Letters to a Lifer tells of change that came from knowing a person serving JLWOP

In Letters to a Lifer, Cindy Sanford of Pennsylvania writes about how she went from “tough on crime” to believing that children–even those convicted of serious crimes–can change and be rehabilitated.

Sanford, who describes herself as politically conservative, has been around law enforcement her entire life. Her grandfather was a New York City police officer and her husband recently retired after a career in law enforcement. She believed in the adage “if you do the crime, you do the time.”

That changed when Cindy, a registered nurse who also owned an art gallery, got to know a young man serving life without parole for a crime committed as a teen. Their first interaction came when someone brought in some of the young man’s artwork. The paintings on leaves were unlike anything Cindy had seen before–and they sold out quickly. Cindy ultimately reached out to him for more artwork and, over time, developed a relationship. After a long correspondence and several visits with him, Cindy and her husband, Keith, came to love Ken and now consider him another son. He considers them his parents and uses their last name, calling himself Ken Sanford.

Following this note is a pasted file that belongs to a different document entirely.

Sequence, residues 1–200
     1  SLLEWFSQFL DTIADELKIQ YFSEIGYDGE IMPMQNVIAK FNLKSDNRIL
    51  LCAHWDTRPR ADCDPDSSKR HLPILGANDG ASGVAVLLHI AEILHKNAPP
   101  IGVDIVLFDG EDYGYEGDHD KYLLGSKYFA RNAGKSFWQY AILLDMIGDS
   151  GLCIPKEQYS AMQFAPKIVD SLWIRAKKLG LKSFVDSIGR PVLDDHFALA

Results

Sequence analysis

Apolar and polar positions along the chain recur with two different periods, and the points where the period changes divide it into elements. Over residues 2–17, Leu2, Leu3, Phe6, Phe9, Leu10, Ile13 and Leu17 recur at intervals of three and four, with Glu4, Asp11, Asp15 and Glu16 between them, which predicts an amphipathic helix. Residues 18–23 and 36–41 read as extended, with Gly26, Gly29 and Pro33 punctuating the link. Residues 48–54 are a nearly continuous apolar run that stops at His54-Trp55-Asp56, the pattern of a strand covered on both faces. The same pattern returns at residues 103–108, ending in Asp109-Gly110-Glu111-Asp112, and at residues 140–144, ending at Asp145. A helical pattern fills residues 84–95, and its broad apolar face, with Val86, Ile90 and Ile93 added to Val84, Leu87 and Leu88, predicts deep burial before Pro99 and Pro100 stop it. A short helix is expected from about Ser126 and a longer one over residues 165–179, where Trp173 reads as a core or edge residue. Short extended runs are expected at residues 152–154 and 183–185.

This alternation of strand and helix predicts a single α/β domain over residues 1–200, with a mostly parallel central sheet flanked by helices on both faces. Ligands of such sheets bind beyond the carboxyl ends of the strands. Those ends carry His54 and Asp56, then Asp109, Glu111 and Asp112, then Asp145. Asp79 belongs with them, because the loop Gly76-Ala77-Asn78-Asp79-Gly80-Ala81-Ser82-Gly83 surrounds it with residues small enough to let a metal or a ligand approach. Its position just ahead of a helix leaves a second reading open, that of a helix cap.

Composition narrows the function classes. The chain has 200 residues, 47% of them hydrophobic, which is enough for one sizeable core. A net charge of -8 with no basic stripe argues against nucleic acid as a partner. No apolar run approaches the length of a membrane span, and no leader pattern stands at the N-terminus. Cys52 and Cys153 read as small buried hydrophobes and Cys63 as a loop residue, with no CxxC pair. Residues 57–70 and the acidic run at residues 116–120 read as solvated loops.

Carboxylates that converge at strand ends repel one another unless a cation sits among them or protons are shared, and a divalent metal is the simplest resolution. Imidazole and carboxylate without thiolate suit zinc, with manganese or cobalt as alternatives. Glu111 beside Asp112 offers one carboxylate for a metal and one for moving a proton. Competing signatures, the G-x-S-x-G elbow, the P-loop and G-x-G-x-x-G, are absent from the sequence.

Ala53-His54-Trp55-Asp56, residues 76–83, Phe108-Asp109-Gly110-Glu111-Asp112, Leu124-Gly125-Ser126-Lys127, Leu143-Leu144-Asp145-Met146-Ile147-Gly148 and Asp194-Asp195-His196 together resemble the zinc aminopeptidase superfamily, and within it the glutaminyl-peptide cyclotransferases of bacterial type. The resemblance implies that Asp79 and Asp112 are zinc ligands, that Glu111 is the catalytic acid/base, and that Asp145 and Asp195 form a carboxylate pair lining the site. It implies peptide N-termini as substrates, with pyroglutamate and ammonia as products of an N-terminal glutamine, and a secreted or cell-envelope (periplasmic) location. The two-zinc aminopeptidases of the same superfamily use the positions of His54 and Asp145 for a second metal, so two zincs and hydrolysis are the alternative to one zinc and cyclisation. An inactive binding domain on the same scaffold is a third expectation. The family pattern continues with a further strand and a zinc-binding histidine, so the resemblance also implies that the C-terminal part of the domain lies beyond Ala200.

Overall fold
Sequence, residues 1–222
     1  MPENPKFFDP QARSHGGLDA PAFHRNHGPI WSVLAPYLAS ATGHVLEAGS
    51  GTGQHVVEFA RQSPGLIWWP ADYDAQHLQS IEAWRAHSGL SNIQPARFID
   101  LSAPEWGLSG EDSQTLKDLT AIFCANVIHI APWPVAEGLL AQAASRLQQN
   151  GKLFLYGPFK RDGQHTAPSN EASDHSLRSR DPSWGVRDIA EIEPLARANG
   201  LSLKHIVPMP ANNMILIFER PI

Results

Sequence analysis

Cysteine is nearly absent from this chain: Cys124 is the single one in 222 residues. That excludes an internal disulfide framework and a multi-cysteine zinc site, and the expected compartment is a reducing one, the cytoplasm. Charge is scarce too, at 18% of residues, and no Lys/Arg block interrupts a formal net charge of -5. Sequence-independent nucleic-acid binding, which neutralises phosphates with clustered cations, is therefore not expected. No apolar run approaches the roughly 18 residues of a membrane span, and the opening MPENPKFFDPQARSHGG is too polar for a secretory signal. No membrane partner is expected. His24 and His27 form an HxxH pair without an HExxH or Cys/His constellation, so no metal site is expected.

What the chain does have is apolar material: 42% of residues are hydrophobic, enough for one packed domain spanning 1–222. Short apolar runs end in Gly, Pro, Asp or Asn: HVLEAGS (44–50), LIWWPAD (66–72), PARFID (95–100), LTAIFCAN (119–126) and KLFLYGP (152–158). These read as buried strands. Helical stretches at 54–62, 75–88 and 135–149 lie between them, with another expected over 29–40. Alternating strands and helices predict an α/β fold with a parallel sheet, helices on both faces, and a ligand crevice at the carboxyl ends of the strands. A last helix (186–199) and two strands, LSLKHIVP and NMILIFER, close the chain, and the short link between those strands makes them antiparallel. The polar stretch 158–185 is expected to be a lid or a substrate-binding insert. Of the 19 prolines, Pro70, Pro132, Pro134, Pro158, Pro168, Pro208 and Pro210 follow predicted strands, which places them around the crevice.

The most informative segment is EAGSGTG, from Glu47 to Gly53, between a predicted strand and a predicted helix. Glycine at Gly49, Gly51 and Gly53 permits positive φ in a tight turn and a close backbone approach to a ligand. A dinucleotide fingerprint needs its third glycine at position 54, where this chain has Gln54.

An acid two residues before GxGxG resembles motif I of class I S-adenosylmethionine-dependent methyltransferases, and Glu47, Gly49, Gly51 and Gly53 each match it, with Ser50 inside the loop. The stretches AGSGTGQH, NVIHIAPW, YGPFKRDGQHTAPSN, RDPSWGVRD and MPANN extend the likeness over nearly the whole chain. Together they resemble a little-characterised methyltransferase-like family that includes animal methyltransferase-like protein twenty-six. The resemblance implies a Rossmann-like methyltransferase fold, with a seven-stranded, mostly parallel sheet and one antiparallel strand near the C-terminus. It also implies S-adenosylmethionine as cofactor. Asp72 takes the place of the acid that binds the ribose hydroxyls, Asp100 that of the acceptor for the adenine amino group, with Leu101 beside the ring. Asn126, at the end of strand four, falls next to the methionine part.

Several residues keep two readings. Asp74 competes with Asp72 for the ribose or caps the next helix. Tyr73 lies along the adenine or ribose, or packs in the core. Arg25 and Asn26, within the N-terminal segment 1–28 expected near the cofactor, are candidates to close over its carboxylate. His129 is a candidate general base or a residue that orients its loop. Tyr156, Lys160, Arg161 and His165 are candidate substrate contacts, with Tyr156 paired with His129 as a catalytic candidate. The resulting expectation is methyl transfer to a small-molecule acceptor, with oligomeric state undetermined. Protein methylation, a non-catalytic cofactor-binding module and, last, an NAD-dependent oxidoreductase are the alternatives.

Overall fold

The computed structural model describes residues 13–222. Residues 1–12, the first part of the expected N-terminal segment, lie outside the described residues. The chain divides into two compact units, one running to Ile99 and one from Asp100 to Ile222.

Letters to a Lifer is a collaboration between Cindy and Ken. Cindy tells of her personal growth around transformation and Ken writes about his maturation in prison.

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